Where I would agree with Natasha Walter is that no organisation should be legally proscribed for espousing views that are morally and politically repugnant.
Where I could not agree with her is in her misty-eyed comparison with the present day apologists for fascist death-squads with those in Europe and the United States who believed the Soviet model represented the best hope for socialism during the 1930s.
Which is not to say that these people, with the benefit of historical hindsight, come off particularly well. Has she forgotten the way in which the Webbs and and Bernard Shaws and all the other darlings of the literary left were either too stupid or ignorant to acknowledge Stalin's crimes? Aren't we forgetting that Orwell was in a minority when he saw through him immediately and denounced him?
And in other ways, hers is a rather one-sided account of the tendency to make common cause with totalitarian movements in the 1930s. Too many forget, for example, that prior to its utter discreditation when the gates of Auschwitz were opened, how popular eugenic ideas - and specifically anti-semitism - were in Britain during the thirties. Consider the background: for all the fears, no Western European state has ever fallen to a communist takeover - but two did fall in this dark phase of European history to revolutionary movements of the revolutionary right. The present day Islamicist represents this phenomenon, rather than Bolshevism, for a number of reasons:
- While all three hate the present, idealise the ancient past, and look for its recreation in the wake of a revolutionary upheaval - Marx's ahistorical "hunter-gatherer" society was one where human emancipation and liberty were imagined: fascism and Islamism idealise really existing societies that were warlike, hierarchal, brutal.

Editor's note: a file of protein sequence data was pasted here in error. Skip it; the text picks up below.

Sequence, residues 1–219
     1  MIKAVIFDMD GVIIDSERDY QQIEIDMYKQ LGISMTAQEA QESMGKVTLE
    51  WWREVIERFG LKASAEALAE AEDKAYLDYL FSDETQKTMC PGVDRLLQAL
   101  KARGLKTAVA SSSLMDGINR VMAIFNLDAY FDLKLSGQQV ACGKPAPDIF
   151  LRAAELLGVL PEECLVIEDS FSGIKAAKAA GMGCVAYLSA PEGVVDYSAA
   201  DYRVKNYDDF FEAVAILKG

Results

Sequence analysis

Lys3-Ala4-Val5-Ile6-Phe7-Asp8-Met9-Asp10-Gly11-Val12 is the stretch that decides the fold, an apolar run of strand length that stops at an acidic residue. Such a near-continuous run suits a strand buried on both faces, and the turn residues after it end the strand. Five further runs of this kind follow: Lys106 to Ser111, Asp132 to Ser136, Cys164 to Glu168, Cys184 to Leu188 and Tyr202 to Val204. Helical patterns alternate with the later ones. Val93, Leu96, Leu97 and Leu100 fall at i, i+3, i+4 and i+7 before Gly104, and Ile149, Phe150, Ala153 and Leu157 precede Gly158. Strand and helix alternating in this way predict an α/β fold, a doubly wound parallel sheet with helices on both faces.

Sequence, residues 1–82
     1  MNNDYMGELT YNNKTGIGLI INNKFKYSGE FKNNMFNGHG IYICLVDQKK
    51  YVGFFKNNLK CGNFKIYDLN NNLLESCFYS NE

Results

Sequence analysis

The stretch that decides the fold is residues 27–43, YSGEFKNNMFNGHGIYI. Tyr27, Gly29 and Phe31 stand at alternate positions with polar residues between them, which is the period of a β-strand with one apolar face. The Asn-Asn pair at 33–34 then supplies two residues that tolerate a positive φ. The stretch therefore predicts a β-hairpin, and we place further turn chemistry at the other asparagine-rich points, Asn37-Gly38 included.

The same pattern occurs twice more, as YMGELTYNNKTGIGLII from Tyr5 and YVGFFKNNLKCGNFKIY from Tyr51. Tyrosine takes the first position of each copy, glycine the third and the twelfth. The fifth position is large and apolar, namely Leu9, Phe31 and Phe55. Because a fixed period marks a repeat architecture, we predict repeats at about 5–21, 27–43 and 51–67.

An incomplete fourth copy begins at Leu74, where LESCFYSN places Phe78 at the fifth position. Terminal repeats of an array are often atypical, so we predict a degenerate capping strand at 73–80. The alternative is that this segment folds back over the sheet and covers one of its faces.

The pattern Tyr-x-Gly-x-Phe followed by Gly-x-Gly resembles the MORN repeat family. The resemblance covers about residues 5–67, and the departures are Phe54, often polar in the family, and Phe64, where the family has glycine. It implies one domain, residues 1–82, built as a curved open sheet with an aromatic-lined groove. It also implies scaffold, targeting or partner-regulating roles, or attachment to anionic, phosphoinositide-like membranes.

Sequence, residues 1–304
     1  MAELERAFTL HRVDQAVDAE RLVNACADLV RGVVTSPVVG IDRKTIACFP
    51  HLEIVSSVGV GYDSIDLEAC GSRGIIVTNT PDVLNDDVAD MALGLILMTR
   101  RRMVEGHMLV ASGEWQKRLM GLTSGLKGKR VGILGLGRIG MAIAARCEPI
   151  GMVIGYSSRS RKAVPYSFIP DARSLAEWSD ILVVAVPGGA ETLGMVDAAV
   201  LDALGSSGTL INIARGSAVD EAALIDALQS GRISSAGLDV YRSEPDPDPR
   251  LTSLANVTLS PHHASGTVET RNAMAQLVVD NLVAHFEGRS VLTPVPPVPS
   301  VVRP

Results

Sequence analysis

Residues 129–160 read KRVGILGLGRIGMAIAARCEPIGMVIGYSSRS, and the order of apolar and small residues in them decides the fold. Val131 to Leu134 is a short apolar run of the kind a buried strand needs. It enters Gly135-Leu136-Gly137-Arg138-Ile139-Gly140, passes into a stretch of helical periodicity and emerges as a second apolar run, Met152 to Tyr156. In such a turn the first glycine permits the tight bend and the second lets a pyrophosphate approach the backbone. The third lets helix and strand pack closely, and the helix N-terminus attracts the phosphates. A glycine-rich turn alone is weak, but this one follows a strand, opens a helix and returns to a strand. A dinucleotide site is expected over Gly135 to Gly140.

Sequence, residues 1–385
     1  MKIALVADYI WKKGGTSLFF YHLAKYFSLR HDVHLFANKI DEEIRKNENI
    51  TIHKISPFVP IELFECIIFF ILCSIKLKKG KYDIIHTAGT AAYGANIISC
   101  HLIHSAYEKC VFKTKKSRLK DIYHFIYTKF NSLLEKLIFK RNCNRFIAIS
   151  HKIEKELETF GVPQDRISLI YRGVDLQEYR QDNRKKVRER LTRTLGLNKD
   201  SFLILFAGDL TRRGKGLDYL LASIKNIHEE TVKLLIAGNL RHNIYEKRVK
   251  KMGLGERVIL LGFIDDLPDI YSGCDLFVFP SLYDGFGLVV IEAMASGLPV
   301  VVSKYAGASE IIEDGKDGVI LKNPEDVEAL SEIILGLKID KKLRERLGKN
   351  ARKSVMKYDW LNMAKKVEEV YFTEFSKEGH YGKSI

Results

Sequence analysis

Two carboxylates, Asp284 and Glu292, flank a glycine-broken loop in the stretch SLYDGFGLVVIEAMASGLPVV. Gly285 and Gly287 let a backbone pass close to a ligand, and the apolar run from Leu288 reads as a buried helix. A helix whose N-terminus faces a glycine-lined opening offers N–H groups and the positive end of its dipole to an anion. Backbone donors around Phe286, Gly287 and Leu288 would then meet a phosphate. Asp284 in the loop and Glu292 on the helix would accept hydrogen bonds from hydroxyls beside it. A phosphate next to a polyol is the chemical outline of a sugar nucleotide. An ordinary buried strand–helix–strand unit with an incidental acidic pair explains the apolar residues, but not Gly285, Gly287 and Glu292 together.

- Even in its most idealistic, furious, hellish and bestial phase during War Communism, the Bolshevik revolution always had as a cornerstone of its ideology a belief in the emancipation of women. In contrast, fascism and Islamism have as an essential component the view that God or Nature has given women a servile role.
- Whatever else it might have been, communism had a belief in the brotherhood of man at its core; fascism and Islamism do not. Moreover, within the narrowed community of the global uma, the notion of confessional solidarity has been honoured more in the breech than in the observance. For all the people they've killed, one should never forget that Al-Qaeda and their imitators, as the record shows, prefer to kill their co-religionists more than anyone else.
What communism, fascism and Islamism do have in common is, as Ms. Walker says, a belief in the perfectibility of human society.
Problem is, this is not the view taken by traditional Islam, which holds that no society can be perfect, given that it's composed of humans beings who are morally frail in a variety of ways.
This it shares with Judasim and Augustinian forms of Christianity.
Here at least they are surely right?